One of my fondest childhood memories is helping my grandma pick tomatoes and beans in her garden in southern Kentucky. She and I would pick big beefsteak tomatoes and sometimes take a salt shaker out to the garden and eat them right off the vine. I helped her pick beans and then string and break them while sitting on the back porch. I remember driving out to the mountain where my great Aunt Flon lived and we four (Aunt Flon, Grandma, Mom and me) picking blackberries, which my grandma would later craft into a delicious pie.
These memories were all the more precious to me because I only got to see my grandparents a few times a year, since we lived a few hours away. We lived in the suburbs and my parents only grew tomatoes, so my gardening education was limited. It was only about 10 years ago that I stopped and asked myself why I wasn’t gardening. I started with tomatoes, gradually added other vegetables, and have worked my way up to a garden that keeps me out of the grocery produce section for most months of the year. But this entry isn’t about my vegetable garden.
It’s my herb garden that I’m truly passionate about. Oh, the wonder of herbs! The history and the mystery of herbs! Of course, herbs contain unique antioxidants, essential oils, vitamins, phytosterols and many other plant-derived nutrient substances. From antiquity they’ve been used to heal. Herbs were the first medicines.
Of course, herbs have so many other uses – practical and recreational. They enhance our lives in so many ways. Sweet basil was one of the first herbs I started growing because I have always loved the smell. Today I have graduated to herbs like Echinacea because they are more useful and just as beautiful as flowers. Herbs really are therapy for our senses!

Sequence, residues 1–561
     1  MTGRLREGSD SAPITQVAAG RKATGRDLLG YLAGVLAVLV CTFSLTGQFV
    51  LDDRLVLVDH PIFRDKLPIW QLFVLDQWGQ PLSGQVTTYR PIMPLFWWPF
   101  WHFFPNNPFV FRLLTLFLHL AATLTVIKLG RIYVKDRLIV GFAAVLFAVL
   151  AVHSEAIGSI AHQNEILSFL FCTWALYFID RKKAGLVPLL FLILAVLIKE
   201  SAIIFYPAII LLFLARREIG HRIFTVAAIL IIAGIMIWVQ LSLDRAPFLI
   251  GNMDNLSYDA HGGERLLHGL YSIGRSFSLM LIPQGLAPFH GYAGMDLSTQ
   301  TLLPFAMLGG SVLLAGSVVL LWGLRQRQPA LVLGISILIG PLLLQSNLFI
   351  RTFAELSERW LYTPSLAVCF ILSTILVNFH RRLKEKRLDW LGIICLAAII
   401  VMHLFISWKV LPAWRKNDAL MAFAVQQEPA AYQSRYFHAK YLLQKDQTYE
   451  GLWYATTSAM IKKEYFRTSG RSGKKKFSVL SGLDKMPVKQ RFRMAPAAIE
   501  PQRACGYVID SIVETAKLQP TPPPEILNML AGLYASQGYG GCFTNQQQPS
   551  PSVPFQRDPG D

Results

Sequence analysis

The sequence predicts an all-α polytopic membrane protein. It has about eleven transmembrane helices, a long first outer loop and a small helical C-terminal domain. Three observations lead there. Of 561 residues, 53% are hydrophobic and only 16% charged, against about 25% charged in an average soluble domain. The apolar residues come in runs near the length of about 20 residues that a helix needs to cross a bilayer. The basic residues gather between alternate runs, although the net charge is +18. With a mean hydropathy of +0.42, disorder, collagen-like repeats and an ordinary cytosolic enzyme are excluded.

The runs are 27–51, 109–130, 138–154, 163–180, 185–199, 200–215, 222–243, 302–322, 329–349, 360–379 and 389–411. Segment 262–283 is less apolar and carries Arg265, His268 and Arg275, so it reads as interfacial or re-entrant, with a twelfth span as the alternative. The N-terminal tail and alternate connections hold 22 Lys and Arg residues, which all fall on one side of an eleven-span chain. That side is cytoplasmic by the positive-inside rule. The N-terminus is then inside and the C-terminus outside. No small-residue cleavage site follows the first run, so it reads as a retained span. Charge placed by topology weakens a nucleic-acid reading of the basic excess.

Every year I grow Echinacea, sweet basil, cilantro, dill weed, common sage, oregano, thyme, lavender, rosemary, catnip, peppermint, sweet mint, and chocolate mint. Over the years I have experimented with different herbs and have added or subtracted them based upon my growing experiences and how much I used them. A couple years ago I experimented with different types of sage. I made the mistake of growing Russian sage right along with my edible sages and found very quickly that it’s invasive and hard to control. It’s known to be a hallucinogenic (so do I really want it rubbing against my common sage that I plan to use in my Thanksgiving stuffing? Might make for an interesting blog post!) and leaves a waxy film on your hands that is practically impossible to scrub off. It’s pretty, yes, but I should have planted it for decoration only, and far away from my edible herbs. I’ve tried Thai basil and pineapple sage and though both were beautiful plants, I felt that I didn’t use them enough to sacrifice the space I needed for the herbs I use almost every day (e.g., sweet basil and cilantro).
An herb garden has brought more flavor to my kitchen and provides learning experiences every year. I dry my herbs and they come in handy all year. I’ve yet to use them in oils and tinctures, but plan to do that this winter.
Herb gardening has allowed me to learn about the miraculous growing process from seed to mature plant and back again. It has allowed me to view “weeds” (like dandelions) as edible plants rather than lawn pests. I have been amazed at all the “accidental” herbs I’ve grown as well (yes, just like my pumpkins). I’ve had several cilantro, dill and basil plants come up on their own in various places in my herb garden. I’ve also learned that herbs often make prettier “flowers” than flowers, and most definitely have more uses. I’ve seen more butterflies and bees in the past few years than I have ever, and that’s always a good thing!